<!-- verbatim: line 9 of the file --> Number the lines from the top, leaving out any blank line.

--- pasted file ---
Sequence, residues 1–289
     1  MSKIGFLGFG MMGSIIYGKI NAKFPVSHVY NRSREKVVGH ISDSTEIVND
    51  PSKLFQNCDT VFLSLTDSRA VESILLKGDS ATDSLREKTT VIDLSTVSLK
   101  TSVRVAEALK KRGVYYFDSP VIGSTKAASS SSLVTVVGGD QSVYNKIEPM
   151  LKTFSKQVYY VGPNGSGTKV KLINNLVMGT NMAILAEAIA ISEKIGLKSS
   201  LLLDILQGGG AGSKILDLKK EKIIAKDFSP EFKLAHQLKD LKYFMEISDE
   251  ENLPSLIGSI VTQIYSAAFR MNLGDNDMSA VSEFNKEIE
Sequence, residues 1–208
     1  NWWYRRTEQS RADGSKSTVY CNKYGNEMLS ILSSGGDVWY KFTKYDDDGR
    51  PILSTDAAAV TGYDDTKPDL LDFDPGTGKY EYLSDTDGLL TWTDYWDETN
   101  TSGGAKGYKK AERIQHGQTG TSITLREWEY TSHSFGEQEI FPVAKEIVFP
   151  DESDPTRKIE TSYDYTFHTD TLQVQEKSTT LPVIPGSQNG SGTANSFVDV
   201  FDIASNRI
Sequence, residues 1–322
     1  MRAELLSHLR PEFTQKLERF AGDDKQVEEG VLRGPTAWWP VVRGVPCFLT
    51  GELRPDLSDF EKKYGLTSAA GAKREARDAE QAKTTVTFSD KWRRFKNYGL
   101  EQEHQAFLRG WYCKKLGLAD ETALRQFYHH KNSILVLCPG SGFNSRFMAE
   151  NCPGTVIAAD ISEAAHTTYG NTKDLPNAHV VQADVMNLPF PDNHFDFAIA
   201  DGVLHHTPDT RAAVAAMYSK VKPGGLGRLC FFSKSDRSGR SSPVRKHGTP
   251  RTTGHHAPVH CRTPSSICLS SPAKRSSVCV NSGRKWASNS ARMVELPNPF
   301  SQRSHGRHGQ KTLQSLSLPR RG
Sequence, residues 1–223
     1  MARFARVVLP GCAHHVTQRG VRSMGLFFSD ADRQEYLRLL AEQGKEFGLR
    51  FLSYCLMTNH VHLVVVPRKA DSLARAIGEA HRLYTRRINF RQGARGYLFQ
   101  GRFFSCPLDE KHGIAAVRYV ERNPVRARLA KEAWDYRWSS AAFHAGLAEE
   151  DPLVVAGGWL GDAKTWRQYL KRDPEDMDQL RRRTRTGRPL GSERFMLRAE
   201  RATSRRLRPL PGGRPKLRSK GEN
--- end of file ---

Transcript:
     1  NWWYRRTEQS RADGSKSTVY CNKYGNEMLS ILSSGGDVWY KFTKYDDDGR